High timber prices add $ 36,000 to the cost of a new home, and furious farming only makes it worse
As the housing market becomes thinner, potential buyers are turning to new construction more than ever, but construction costs are rising.
- The increase in lumber prices in the past year added $ 35,872 to the price of an average new single-family home and $ 12,966 to the market value of an average new multi-family home, according to the NAHB.
- “We’ve seen, over the last four or five months, what I’ve never seen in my career before is wood to move to its level,” said Sheryl Palmer, CEO of Taylor Morrison Home.
- New supply of lots decreased 20% from a year ago, according to Zonda.
As the housing market declines more, potential buyers are turning to a record new construction, but several factors are making those homes more beautiful than ever before.
First there is a major change in the composition of the market due to the record lack of existing homes available. About 1 in 4 homes for sale are now newly built, the highest ever. Historically new homes make up about 1 in 10, but fierce buying competition is behind that change. Prices for new and existing homes are reaching record highs.
But it’s not just competition fueling prices for new homes. The cost of what goes into the home is added to it as the prices of material and land rise.
Savings prices seem to be setting a new record almost every day, now more than 67% this year and 340% more than a year ago, according to Random Lengths, a wood products tracking firm. And wood doesn’t just frame a house. Those additional costs hit closets, doors, windows and floors.
Timber prices are skyrocketing for a variety of reasons beyond just high demand from home builders and renovators. Wood tariffs had prices already rising a year ago, but then, when the pandemic hit, production stopped. The expectation was that housing demand would dry up for a long time. But instead, after a short pause, it came back roaring back. Home builders were caught on guard, as well as timber producers.
“Clearly, increasing the cost of imports through tariffs is not helping the situation,” said Robert Dietz, chief economist at the National Association of Home Builders. “We need to do everything we can to increase domestic supply, including producing more domestic timber, and resolving the trade dispute. It’s about livability.”
The increase in lumber prices in the past year added $ 35,872 to the price of an average new single-family home and $ 12,966 to the market value of an average new multi-family home, according to the NAHB.
Workers are installing roofs on a new house in Arvada, Colorado.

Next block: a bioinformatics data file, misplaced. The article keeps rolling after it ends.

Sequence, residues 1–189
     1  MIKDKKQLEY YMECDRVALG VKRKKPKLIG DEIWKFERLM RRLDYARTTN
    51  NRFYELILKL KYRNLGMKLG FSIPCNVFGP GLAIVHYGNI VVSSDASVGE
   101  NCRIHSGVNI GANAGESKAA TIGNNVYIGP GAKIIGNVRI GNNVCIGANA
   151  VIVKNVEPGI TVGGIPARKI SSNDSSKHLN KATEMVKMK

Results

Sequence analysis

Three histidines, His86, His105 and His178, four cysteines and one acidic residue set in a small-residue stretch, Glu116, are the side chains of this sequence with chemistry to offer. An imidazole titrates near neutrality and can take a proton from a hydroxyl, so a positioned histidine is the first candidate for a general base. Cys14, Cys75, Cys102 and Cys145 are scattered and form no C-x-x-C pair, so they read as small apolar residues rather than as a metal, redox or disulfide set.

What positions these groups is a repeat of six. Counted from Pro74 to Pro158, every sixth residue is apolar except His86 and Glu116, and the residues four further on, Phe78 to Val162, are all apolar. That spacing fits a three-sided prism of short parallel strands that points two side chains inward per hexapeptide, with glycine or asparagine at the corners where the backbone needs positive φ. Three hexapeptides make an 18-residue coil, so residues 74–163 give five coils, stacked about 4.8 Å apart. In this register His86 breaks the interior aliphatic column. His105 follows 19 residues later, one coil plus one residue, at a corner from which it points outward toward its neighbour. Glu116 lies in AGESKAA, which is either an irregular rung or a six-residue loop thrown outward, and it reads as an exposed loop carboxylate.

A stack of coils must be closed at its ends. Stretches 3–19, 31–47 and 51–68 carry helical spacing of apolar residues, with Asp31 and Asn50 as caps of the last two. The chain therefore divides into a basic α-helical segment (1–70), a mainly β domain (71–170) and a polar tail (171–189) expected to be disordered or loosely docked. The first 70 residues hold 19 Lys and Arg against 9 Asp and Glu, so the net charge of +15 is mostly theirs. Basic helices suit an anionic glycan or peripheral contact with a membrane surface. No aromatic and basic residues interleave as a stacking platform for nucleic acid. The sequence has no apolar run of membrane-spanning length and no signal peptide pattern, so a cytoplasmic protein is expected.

Rick Wilking | Reuters
Some builders said they are slowing production in the face of excessive costs, but single-family homes grew 41% in March year-over-year, according to the U.S. census. Builders are clearly trying to grow production as fast as they can to meet growing demand.
Palmer said she has seen demand grow across all geographies and all segments of the market, especially first-time buyers and more than 55 buyers. Construction costs, however, are out of control, she said.
“We’ve seen, over the last four or five months, what I’ve never seen in my career before is wood to move to its level,” Palmer said. “We really want to see full capacity at home again. I think if we can get all the supply, we’ll be able to wood a little bit. “
But it’s not just wood. The prices of plaster, which is plasterboard, are up almost 7% from a year ago.
Steelmaker prices are record high, up nearly 18% in March year-on-year. It is used for beams, tin products and wiring.
The price of copper has also hit a high this month and so far is 27%.
And then there is earth. The price for one lot has grown 11% this year compared to last year because demand is so high and supply is low. New supply of lots declined 20% a year ago, according to Zonda, a data and consulting real estate company.
The inventory is most stringent in San Diego, Baltimore and San Francisco. Nashville is also now seeing one of the biggest supply cuts. Lot supply in 90% of the main markets tracked by Zonda is considered significantly insufficient.
“It’s a literal catch, as builders are collecting lots to better match housing with demand,” said Ali Wolf, Zonda’s chief economist. “The supply of a lot of shortage is real, and it’s causing prices to rise and builders to keep moving into the suburbs.”
Wolf adds that the new housing market is not fulfilling its full potential, and will last as long as the much-needed shortage continues. Add higher commodity prices to that equation and the new domestic market will continue to struggle at a time when it should reap great rewards from hungry buyers.